This resistant shrub can also tolerate a rather lean and dry soil. For this reason, the woody plants are also used for pioneer plantings. A dry, sandy soil may have a relatively large number of runners - you should remove these regularly and improve the soil, e.g. with compost. Ideally, snowberries grow in a sunny location, but they also feel comfortable in partial shade under large trees. They even thrive in the shade, but you can expect less fruit to be produced there.

Planting

For a hedge, place the snowberries at intervals of half the expected growth height. This is a shallow rooting plant and can, therefore, be easily transplanted. Snowberries usually form runners; it is best to plant them in a relatively open area so that neighbours and neighbouring plants are not affected. However, the runners can easily be kept in check with a lawnmower, for example.

Care and fertilisation

A snowberry needs hardly any care. Apart from an occasional pruning and the removal of runners, you can leave the bushes to themselves. Only in the period after planting should you water regularly. In a nutrient-poor soil, you should fertilise the snowberry in the spring and again in the summer. In nutrient-rich soil, fertilisation can be dispensed with altogether. The plants are grateful for a layer of mulch, which is applied in the spring. Pull out runners as soon as possible - this way you can stop them from spreading early.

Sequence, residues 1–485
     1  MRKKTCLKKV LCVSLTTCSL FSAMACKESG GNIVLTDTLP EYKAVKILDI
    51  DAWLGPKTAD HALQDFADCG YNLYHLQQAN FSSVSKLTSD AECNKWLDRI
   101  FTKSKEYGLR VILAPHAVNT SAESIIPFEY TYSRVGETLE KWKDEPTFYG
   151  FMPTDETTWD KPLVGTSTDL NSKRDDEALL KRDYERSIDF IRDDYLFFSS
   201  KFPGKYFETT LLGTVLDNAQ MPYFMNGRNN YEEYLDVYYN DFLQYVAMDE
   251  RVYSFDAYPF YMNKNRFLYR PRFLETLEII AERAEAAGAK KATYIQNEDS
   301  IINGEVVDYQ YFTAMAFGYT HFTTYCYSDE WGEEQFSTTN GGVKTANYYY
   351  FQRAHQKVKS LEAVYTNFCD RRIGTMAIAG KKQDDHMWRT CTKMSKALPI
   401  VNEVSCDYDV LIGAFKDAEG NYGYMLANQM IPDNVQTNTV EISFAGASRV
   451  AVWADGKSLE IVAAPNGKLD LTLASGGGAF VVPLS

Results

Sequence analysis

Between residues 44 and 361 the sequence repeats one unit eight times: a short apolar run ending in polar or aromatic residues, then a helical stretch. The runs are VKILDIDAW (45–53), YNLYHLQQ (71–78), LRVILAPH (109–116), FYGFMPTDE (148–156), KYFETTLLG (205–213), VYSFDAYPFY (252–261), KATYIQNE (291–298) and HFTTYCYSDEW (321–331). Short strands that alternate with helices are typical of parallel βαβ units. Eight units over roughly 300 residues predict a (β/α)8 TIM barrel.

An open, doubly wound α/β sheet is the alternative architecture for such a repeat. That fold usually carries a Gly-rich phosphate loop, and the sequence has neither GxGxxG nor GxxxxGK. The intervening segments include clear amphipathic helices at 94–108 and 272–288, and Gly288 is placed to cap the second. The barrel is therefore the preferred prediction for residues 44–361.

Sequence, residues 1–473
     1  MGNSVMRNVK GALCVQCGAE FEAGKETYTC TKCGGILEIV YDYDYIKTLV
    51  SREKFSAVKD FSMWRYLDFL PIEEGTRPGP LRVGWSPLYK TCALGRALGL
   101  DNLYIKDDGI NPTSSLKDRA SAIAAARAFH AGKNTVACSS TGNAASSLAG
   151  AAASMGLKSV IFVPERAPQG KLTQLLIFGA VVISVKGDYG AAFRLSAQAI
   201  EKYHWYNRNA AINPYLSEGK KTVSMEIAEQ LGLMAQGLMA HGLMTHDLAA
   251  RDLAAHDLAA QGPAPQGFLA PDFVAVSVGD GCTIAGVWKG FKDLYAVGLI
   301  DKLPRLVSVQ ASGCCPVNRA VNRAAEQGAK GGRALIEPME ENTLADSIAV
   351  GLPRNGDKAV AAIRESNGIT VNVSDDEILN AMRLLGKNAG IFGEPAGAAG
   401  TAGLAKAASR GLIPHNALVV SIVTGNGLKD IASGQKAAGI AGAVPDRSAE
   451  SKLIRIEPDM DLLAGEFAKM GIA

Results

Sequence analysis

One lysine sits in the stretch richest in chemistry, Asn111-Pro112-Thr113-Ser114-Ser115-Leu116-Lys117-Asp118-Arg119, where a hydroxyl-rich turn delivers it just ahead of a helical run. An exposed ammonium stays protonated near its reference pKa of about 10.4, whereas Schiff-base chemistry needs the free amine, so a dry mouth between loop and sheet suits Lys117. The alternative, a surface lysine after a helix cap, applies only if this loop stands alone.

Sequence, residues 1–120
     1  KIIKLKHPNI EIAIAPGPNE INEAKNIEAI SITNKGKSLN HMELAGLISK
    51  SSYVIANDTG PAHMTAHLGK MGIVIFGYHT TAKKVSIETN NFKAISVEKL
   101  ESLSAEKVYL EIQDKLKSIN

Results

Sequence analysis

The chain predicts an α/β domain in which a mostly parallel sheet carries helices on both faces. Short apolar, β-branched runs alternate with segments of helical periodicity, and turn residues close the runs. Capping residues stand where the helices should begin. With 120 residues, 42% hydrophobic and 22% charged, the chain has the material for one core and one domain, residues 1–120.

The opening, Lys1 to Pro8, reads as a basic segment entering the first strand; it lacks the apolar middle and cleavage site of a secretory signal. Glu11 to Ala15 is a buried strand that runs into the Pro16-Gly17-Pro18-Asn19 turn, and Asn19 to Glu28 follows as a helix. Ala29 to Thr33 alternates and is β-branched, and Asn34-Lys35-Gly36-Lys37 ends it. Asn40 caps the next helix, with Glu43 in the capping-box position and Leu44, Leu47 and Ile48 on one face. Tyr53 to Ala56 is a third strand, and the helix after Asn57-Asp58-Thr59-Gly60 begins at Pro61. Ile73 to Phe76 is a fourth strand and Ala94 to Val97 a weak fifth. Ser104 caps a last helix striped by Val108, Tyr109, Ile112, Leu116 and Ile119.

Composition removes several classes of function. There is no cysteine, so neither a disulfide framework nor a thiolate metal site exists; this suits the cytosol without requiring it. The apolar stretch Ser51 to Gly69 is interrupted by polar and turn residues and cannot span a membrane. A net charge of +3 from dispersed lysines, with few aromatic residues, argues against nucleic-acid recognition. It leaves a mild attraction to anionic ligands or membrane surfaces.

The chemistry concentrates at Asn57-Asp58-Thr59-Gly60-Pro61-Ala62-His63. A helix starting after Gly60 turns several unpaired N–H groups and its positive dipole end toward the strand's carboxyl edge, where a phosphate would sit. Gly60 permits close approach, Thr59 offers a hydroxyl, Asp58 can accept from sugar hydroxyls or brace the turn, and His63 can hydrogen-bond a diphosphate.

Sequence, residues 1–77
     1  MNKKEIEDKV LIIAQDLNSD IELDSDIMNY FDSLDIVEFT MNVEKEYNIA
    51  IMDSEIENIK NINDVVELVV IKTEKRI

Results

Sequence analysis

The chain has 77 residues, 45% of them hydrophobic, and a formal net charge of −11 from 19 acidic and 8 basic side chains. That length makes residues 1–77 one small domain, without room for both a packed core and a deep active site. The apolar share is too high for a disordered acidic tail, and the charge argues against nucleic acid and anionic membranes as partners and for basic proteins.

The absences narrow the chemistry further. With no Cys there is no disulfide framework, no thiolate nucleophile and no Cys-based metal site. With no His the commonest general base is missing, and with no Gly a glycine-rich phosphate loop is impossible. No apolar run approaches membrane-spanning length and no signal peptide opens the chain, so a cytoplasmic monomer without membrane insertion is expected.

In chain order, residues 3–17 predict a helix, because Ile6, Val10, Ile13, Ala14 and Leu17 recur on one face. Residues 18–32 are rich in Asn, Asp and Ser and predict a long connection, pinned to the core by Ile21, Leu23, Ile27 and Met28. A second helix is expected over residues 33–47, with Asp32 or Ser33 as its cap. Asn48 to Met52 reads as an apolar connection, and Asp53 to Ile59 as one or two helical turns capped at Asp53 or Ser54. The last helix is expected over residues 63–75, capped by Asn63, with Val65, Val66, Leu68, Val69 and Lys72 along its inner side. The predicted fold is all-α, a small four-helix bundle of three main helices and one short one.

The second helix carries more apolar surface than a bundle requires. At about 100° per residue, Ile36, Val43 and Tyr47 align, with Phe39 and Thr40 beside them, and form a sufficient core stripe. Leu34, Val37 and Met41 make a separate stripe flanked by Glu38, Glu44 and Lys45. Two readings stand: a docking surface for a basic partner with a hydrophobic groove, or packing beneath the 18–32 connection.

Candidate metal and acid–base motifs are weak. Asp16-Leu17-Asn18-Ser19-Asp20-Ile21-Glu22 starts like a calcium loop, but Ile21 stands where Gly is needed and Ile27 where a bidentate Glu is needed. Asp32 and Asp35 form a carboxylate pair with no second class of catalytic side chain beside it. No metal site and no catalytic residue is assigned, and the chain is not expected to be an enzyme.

Pruning

Cutting back and shaping the plant can be carried out on the snowberries at any time without any problems. Complete pruning is also possible.
Once a year, preferably in the spring, you should give a cut. The pruning can be moderate or vigorous, depending on the height at which you want to keep your hedge or solitary shrub. If you cut back radically, the snowberry will grow back relatively quickly. However, fewer berries are produced in the year of pruning. When pruning, you should know that very strong pruning promotes the formation of runners, especially on dry soils. Pruning directly after flowering is recommended if you want to keep the plants compact.

Toxins

You should be a little cautious if you have children - the fruits are slightly poisonous. They contain saponins and other substances that can also be harmful to horses.
If consumed, they can cause vomiting and diarrhoea. Irritations of mucous membranes can also occur.